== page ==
Suicides, falls and shamans, the suspicious deaths of the Russian oligarchs

Maganov is the latest in a series of Russian top managers who died under mysterious circumstances. For many there was talk of suicides, for others of accidents. And there is also the alternative cure and heart attack treated with valerian.

Suicides, accidental falls, lethal consequences of an alternative treatment administered by a shaman. These are some of the causes of the suspicious deaths of Russian oligarchs in recent months. The chairman of the board of directors of the Lukoil oil company, Ravil Maganov, is just the latest in a series of Russian company executives who died under mysterious circumstances. Maganov fell from a window of the Central Clinical Hospital (TsKB) in Moscow.

Before him, on 6 July, the body of Yuri Voronov, head of Astra Shipping, a company with contracts with Gazprom in the Arctic, was found in the swimming pool of a property near St. Petersburg. According to the Moskovsky Komsomolets news site, a Grand Power pistol was found next to the body. The Russian investigative committee spoke of a “dispute with business partners” as the cause of the death of 61-year-old Voronov.

On January 29 last, in a dacha near St. Petersburg, Leonid Shulman, 60, top manager of Gazprom, formerly a manager of Gazprom Transgaz, died, committing suicide according to the conclusion of the investigation.

On February 25, in the same location, the lifeless body of 61-year-old Alexander Tyulyakov, deputy general manager of the Gazprom Unified Settlement Center, responsible for the company’s security, was found. He too had previously worked in Gazprom Transgaz. And even in this case, the police determined that the cause of death was suicide.

On April 18, former Gazprombank vice president and former Kremlin official Vladislav Avayev, his daughter and wife were found dead in Moscow, in a luxurious apartment on Universitetsky Prospect. According to the investigators’ version, Avayev shot his wife and 13-year-old daughter with a gun and then committed suicide.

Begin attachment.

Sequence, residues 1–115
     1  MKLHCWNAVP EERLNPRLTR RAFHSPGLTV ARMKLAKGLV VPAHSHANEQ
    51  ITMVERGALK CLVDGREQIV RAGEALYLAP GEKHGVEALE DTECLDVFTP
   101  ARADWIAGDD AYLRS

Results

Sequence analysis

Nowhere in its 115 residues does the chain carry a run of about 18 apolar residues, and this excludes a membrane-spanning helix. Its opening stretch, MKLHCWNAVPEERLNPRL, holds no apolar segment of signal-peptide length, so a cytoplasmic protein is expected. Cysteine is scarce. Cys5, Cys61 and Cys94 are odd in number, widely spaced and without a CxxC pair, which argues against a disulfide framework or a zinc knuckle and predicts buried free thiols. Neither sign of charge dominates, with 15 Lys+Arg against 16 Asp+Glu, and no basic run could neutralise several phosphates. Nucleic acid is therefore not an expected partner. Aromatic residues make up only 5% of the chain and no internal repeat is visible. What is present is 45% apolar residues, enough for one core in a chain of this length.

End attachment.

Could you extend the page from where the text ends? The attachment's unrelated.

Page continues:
On 21 April Sergei Protosenya, a former top manager of Novatek, his wife and daughter were found dead in Spain, in a house in the village of Lloret de Mar (province of Girona). Protosenya, who was found hanged in the garden of his Spanish villa, had a fortune of 400 million euros and lived in France. The family was in Spain for the Easter holidays.

At the beginning of May, Andrei Krukowski, the head of the Krasnaya Polyana resort, belonging to Gazprom, died near Sochi on the Black Sea, officially because he fell off a cliff. The Russian media spoke of an accident. Krukowski was 37 and his ski resort was frequented by Russian President Vladimir Putin.

Also in May, billionaire Alexander Subbotin, 43, a former senior executive of the energy giant Lukoil, was found lifeless. The official cause of death was a heart attack caused, according to the investigation, by an alternative remedy administered by a shaman. The oligarch, who owned a profitable shipping company, was allegedly treated with toad poison, inserted into an incision that had been made on his skin. Soon after, Subbotin would have a heart attack and would be given a valerian tranquilizer to treat him.

On February 28, Ukrainian-born oligarch Mikhail Watford was found dead in Wentworth, Surrey, Great Britain, where he had moved in the early 2000s. Watford, who was 67, had made a fortune on oil and gas immediately after the collapse of the USSR. His death had taken place under unclear circumstances, the police had determined. His real name was Mikhail Tolstosheya. He had changed it when he arrived in Britain.